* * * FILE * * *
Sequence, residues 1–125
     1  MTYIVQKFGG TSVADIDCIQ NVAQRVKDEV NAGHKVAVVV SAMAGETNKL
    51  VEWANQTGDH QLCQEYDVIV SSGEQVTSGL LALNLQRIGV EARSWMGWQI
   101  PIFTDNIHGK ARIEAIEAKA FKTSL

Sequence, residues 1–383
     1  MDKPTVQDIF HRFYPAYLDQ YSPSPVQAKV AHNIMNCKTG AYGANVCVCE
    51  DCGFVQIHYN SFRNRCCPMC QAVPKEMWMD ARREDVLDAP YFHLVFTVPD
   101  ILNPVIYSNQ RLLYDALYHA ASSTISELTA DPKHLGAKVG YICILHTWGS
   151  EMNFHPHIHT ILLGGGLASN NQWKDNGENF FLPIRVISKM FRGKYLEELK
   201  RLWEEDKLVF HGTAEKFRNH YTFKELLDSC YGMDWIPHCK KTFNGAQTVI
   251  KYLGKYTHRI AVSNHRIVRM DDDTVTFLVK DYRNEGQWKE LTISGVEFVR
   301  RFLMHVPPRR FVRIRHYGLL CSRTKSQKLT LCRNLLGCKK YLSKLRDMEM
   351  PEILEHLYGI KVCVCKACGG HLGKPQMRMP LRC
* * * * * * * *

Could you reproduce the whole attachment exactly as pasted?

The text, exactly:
Sequence, residues 1–125
     1  MTYIVQKFGG TSVADIDCIQ NVAQRVKDEV NAGHKVAVVV SAMAGETNKL
    51  VEWANQTGDH QLCQEYDVIV SSGEQVTSGL LALNLQRIGV EARSWMGWQI
   101  PIFTDNIHGK ARIEAIEAKA FKTSL

Sequence, residues 1–383
     1  MDKPTVQDIF HRFYPAYLDQ YSPSPVQAKV AHNIMNCKTG AYGANVCVCE
    51  DCGFVQIHYN SFRNRCCPMC QAVPKEMWMD ARREDVLDAP YFHLVFTVPD
   101  ILNPVIYSNQ RLLYDALYHA ASSTISELTA DPKHLGAKVG YICILHTWGS
   151  EMNFHPHIHT ILLGGGLASN NQWKDNGENF FLPIRVISKM FRGKYLEELK
   201  RLWEEDKLVF HGTAEKFRNH YTFKELLDSC YGMDWIPHCK KTFNGAQTVI
   251  KYLGKYTHRI AVSNHRIVRM DDDTVTFLVK DYRNEGQWKE LTISGVEFVR
   301  RFLMHVPPRR FVRIRHYGLL CSRTKSQKLT LCRNLLGCKK YLSKLRDMEM
   351  PEILEHLYGI KVCVCKACGG HLGKPQMRMP LRC